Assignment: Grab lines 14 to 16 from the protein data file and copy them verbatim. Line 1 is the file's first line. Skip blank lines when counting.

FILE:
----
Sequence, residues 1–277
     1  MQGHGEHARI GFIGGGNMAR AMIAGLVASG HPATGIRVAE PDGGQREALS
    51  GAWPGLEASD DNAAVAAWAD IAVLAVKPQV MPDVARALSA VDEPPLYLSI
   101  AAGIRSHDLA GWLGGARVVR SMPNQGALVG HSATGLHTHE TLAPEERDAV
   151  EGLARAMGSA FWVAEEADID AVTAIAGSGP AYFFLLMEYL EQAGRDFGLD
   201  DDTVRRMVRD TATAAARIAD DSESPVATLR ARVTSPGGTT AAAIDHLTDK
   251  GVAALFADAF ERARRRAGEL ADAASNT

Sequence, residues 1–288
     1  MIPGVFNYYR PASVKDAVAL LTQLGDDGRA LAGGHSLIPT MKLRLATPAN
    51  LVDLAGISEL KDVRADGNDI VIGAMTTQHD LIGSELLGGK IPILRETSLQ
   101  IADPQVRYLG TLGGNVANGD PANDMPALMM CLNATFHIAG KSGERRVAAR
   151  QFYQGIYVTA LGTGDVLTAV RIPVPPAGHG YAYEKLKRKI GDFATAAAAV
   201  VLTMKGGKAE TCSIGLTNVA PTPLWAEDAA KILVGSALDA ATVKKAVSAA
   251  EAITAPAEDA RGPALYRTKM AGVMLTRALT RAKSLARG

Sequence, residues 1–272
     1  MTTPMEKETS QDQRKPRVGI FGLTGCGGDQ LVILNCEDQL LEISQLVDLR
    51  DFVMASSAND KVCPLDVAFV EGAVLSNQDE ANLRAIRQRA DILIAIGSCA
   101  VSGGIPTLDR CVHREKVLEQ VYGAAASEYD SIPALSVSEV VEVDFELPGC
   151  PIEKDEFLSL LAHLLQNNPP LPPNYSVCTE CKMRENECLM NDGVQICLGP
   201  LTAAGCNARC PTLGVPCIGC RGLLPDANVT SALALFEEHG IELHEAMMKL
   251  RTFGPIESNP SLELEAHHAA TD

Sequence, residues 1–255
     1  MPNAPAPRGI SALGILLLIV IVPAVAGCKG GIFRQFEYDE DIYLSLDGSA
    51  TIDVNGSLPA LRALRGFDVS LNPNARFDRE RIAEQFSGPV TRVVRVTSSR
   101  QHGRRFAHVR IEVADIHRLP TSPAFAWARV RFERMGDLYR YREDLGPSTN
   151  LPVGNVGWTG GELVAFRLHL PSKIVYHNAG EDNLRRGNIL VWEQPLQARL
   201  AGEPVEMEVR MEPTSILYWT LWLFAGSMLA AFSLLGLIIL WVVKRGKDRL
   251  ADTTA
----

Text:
   251  EAITAPAEDA RGPALYRTKM AGVMLTRALT RAKSLARG

Sequence, residues 1–272
     1  MTTPMEKETS QDQRKPRVGI FGLTGCGGDQ LVILNCEDQL LEISQLVDLR